Essential Oil Science Archives

Gary Young is today regarded as one of the world’s foremost experts on essential oils and their distillation. Aromatherapy: the essential beginning is one of his earliest books published. Although, not the encyclopedia of essential oils (that was to come later 🙂 ), this book is nonetheless an excellent and lucid introduction to essential oils. You don’t need to be a scientist to read this book.

The book covers the history of essential oils up to the modern period, how they work, how they’re distilled and a number of techniques for administering them. It covers areas not normally covered by books on essential oils; areas such as the frequency of essential oils, in which Gary has been personally involved in the research. In addition you get a reference guide at the back of the book detailing the constituents that make up essential oils, essential oils for emotional applications and a description of various single oils and oil blends and their uses.

One of my favourite sections in the book is where Gary describes a trip to the Temple of Isis, on the island of Philae in Egypt in 1994. Having visited Egypt myself, this brought up lots of fond memories for me. But more than that Gary’s story brings up all the mysteries that one encounters in this ancient land.

Gary describes how a mysterious man convinces him to follow him into a secluded and closed off section of the temple. Three times, one of the guards of the temple approached him in the crowd and told Gary he would show him “that for which he was searching”.  He indicated that there was a special room that was forbidden for people to see, in which his ancestors once practiced very sacred rituals. Gary, thinking that the guard was just after baksheesh (a tip/money) ignored him. On the third time, Gary relented and the guard took him to a secluded and locked room in the temple. There, Gary was shown a carved relief on the wall detailing an ancient Egyptian ritual known as “cleansing the flesh and blood of evil deities” (there are photos of the relief in the book). This was basically a 3 day ritual using essential oils to cleanse people of negative emotional issues; what we would nowadays call “baggage” or “hang-ups” – those things which can hold us back from fulfilling our potential.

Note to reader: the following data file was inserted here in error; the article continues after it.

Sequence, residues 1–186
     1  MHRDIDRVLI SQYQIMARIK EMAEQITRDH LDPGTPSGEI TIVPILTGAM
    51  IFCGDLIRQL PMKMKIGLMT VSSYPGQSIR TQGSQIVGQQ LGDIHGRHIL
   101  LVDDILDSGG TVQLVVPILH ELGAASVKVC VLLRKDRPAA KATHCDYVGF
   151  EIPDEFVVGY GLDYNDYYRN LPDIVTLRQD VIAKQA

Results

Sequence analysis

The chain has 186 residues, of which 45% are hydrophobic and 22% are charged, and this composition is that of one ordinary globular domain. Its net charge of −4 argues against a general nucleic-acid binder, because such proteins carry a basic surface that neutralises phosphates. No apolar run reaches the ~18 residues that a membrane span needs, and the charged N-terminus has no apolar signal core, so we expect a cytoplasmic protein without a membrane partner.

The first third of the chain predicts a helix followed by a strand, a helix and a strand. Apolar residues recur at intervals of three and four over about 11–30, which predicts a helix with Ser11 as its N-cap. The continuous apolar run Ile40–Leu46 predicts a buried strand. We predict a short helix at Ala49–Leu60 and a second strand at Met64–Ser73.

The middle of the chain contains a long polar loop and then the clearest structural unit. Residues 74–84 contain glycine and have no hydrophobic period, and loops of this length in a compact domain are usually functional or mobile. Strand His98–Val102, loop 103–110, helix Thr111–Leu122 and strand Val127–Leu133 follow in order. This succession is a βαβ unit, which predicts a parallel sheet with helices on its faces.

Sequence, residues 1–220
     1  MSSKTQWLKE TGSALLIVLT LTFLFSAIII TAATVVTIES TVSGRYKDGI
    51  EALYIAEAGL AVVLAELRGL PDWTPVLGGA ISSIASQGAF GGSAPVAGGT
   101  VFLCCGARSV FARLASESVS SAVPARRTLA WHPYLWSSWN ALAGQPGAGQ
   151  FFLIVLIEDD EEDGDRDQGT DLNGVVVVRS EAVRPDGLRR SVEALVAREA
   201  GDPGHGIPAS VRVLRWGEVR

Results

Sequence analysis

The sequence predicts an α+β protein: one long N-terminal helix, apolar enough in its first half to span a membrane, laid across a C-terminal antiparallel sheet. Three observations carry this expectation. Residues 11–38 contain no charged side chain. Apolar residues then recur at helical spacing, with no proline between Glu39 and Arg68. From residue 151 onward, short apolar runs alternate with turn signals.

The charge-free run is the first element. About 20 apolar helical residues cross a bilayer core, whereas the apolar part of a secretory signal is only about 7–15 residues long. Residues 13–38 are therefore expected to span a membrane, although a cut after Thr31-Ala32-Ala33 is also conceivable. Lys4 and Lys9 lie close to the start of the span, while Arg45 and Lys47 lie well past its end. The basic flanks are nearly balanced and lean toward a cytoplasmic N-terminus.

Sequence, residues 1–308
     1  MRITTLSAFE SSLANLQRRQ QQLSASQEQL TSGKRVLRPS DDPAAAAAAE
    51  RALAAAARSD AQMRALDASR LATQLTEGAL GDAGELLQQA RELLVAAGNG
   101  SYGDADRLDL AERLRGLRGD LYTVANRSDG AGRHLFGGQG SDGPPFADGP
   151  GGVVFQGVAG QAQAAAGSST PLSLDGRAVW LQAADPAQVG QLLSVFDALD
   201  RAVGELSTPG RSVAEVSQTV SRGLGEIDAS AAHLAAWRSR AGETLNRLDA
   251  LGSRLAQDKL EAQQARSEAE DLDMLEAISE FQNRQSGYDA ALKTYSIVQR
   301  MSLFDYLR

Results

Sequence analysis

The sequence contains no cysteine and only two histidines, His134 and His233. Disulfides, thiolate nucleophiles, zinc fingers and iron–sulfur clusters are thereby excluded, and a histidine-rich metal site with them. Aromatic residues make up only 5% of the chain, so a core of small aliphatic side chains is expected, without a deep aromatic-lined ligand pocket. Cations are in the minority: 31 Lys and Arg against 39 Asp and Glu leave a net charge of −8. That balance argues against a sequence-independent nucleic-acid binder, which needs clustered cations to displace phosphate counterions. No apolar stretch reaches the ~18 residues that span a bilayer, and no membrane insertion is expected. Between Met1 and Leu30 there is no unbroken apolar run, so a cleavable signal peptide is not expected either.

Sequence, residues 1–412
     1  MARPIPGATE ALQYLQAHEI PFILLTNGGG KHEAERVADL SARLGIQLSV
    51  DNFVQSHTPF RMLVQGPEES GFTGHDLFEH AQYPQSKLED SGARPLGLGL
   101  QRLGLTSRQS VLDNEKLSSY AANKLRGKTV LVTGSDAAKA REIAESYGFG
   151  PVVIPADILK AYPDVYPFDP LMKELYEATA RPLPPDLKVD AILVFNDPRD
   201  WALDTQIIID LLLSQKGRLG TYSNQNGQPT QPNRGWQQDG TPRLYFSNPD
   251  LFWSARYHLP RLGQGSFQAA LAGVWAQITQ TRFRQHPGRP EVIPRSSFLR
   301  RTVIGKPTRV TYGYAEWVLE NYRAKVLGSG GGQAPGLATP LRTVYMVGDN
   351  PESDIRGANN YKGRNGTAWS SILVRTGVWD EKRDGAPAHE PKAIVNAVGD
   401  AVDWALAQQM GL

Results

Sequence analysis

Was Gary’s finding serendipity or synchronicity? I would tend to believe the latter. Over the years, Gary Young has shown incredible intuition and creativity in the oil blends he has  produced. I would not be surprised if the universe was ‘lending him a hand’.

Buy the book

Till next time


On the Frankincense Trail in Oman, Part Two

A NASA photo of Salalah, its port and the Jabal Qar'a mountains in Dhofar Oman. Conditions in this region are just right for Frankincense trees to grow.

Last week, we looked at how Young Living used their Seed to Seal process to bring an essential oil on to the market – specifically the Frankincense from Oman. This week, we’ll check out the Sacred Frankincense (Boswellia Sacra), the kind of environment it grows in, the country that Young Living will be harvesting it from – Oman – and the uses and benefits of using this essential oil.

About the Frankincense Tree

The photo from NASA shows the region of Dhofar. This is the only region in Oman, that Frankincense trees will grow and thrive in.

Frankincense loves limestone and they’ll often be found growing in rock. When near water, it will grow like a tree, but when the area is dry it will resemble more of a bush.